The government has confirmed it will make a major reform to the way it assesses the value for money of government investments in big projects.
It plans to remove a longstanding bias that has affected funding for northern England and other regions.
Chancellor Rishi Sunak said the changes, to be unveiled at next week’s Spending Review, would allow those “in all corners of the UK to get their fair share of our future prosperity”.
He calls it the “levelling up” agenda.
Part of what will change is the Treasury’s Green Book – a set of rules it uses to determine the value generated by government schemes.
It will mean – as the first portions of £600bn in planned public investment are delivered – the process of ranking transport, energy, schools or hospital investment will be widened beyond a narrow definition of benefit compared to cost.
Those calculations, the Treasury now acknowledges, have inherently favoured the government investing continuously in the South East of England and London.
That’s because the values of economic return are influenced by existing high property prices in those regions.
For example, a transport link between London and Reading would always have ranked as better value for money for the taxpayer than linking two northern cities.
The new process will update the equation to prioritise investments with regional impact, which help Mr Sunak’s levelling up plan and the government’s green objectives.
The changes will form part of the long-delayed National Infrastructure Strategy, to be published alongside the Spending Review.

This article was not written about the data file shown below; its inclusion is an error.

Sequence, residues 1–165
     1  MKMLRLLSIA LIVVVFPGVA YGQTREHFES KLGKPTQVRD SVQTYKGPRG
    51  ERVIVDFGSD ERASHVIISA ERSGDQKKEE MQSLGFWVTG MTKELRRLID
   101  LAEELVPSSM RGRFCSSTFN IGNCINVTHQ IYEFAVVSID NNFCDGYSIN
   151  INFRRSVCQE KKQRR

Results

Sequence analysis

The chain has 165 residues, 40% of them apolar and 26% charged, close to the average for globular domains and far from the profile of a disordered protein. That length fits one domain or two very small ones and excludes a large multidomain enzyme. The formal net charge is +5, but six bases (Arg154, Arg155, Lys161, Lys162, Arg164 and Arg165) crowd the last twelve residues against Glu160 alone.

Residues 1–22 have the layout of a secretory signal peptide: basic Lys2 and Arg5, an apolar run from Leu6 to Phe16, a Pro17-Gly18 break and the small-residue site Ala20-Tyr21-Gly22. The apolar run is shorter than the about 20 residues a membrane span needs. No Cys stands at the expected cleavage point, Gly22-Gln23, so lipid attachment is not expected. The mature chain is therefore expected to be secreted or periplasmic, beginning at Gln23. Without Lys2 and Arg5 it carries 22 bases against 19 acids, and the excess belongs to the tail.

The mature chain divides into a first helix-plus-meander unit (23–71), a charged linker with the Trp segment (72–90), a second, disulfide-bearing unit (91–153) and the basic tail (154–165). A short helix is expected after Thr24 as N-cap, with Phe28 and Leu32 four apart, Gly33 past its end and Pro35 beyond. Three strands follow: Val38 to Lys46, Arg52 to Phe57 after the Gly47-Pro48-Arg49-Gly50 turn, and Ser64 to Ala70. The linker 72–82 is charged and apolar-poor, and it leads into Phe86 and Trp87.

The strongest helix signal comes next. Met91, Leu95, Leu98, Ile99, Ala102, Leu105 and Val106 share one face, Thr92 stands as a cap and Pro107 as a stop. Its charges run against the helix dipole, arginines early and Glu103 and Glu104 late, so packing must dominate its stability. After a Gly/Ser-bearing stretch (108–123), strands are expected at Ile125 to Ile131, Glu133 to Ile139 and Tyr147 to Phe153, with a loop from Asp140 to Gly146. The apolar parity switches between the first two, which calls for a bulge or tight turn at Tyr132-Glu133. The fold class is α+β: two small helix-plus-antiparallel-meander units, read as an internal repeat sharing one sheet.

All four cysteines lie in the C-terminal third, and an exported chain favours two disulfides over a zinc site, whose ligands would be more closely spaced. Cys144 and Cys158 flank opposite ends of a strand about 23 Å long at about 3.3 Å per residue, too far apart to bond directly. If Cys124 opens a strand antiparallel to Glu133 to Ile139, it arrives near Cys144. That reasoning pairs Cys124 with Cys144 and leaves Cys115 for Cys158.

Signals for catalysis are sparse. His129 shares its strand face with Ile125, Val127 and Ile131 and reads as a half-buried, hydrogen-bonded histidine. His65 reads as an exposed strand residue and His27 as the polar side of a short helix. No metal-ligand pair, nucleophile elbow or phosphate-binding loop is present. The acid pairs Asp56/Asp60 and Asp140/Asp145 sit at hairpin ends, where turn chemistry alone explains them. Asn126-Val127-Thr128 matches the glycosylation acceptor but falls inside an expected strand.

Some £1.6bn will also be allocated to tackle potholes on local roads in the next financial year.
The infrastructure strategy will cover flagship programmes such as fibre broadband, flood defences, and major transport schemes.
The Spending Review will also see the launch of the UK Shared Prosperity Fund, under which money previously allocated to poorer regions by the European Union will now be spent by the UK government.
A UK Investment Bank will also replace the functions of the European Investment Bank, after the end of the Brexit transition period.
The government hopes to be able to use more private sector capital, and to align the bank’s investments more closely with UK economic strategy, for example on climate change.
The Chancellor also confirmed the Treasury will move some staff to a new base in the north of England next year, as part of a shift of 22,000 civil servant roles out of London and the South East.
The location of the new headquarters will be announced “in the coming weeks”.
Anneliese Dodds MP, Labour’s Shadow Chancellor, called for Mr Sunak’s Spending Review to “set the country on the right path”.
“Communities up and down the country don’t want to hear more empty rhetoric from this Government,” she said.
“The Conservatives have been in power for ten long years, but their track record is a litany of failure and broken promises.”